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Alaska Sojourn Part Seven


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Hello all,

Here is another installment of "Alaska Sojourn." I hope you enjoy!


Part Seven, the Alaskan Adventure is winding down

The Alaska Marine Highway system is a wonderful way to tour coastal Alaska, but the ferry doesn’t wait for tardy motorcyclists. Mark and I began planning our trip back down through central Alaska to Haines and the boat. First off, a rest day in Delta Junction and more of Mrs. Uueck’s homemade rhubarb pie. Rested up on pie and the most extensive private collection of videos I’ve ever seen, Mark rode to Palmer with Denise to see her off. She needed to turn in her F650 freshly washed and gassed up to avoid a hefty loss of deposit. Later that night, Mark returned a bit haggard from his 475 mile round trip. Tomorrow we’d set off for Kluane Lake at Destruction Bay.

Kluane Lake is one of those picture-postcard locations, a dazzling expanse of azure set amongst high, snow-capped peaks. The scenery is breathtaking, especially when the weather is clear and the lake turns an intense turquoise green. We stopped at the Bayshore Café for lunch. The BSCafe was the only restaurant on our entire journey where we dined twice. The view off the deck nearly brought tears to our eyes, the service impeccable, the food delicious, and the waitress was hilarious. Imagine our sorrow when we found out from the owner that he would probably close permanently at the end of the summer. He said it was just too hard to make a go of a restaurant business where his nearest supplier was 235 miles away…I wonder if he changed his mind and tried to hang on for another season. I’m sure his place would be a hit – it was the best restaurant we sampled, and we sampled many…

I wanted to take some pictures of Destruction Bay before we left, so while Mark packed up, I wandered around and spoke to the few locals. It seems the Bay is named after an event in 1941. The US Army put up a camp here while working on the Alaska Highway. One night a ferocious wind brewed up off the lake, and destroyed the camp. The Army never rebuilt here, figuring tents would be no match for the prevailing breezes! We stayed the night near Destruction Bay.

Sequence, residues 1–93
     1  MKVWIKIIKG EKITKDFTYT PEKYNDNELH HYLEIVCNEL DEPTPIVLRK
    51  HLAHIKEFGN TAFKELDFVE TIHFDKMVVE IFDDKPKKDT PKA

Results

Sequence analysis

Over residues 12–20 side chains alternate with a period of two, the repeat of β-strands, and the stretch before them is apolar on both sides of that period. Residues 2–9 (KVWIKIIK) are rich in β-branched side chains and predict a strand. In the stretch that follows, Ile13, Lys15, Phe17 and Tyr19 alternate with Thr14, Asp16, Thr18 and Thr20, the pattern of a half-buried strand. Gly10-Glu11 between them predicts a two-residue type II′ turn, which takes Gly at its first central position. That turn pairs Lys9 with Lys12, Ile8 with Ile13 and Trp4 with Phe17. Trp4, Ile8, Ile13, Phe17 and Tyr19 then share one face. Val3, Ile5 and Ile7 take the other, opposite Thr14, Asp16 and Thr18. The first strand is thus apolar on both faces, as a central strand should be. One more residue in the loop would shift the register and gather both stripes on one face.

The next morning it was down to Haines Junction for fuel, and then onto Haines. We had an appointment to get on the ferry at 9 p.m., and we certainly did not want to be late. Haines Junction is the mosquito capital of the world, in my opinion. It was brutal just being outside without riding gear. Hordes of the little beggars, plus aggressive biting flies seemed to go straight for our nostrils and eyes. It would continue to be like this until we got out of Haines Junction. Though we didn’t see it, there must be lots of standing water nearby. The bugs were incredible. In the evening you could put your hand up to the inside of your tent, leave it there for five minutes and move it. In it’s place would be a “shadow” of mosquitoes, all clinging to the rip-stop nylon…

The ride to Haines from Haines Junction was like no other we’d encountered. It was clear and cold. Geographically very rocky and alpine- looking. Sharp spires of rock rose up on both sides of the mountains, making it seem like we were riding at 10,000 feet through the San Juans in Colorado. It was hard to believe that the pass was only about 3,000 feet! Incredibly sparse, the landscape was a harsh mish-mash of rock, stunted plants, and rocky cliffs, all scoured by a perpetual cold wind that no doubt blew off the ocean, some 60 miles away!

Next, some thoughts on the Ferry, travel in Alaska, and home to Glendora!



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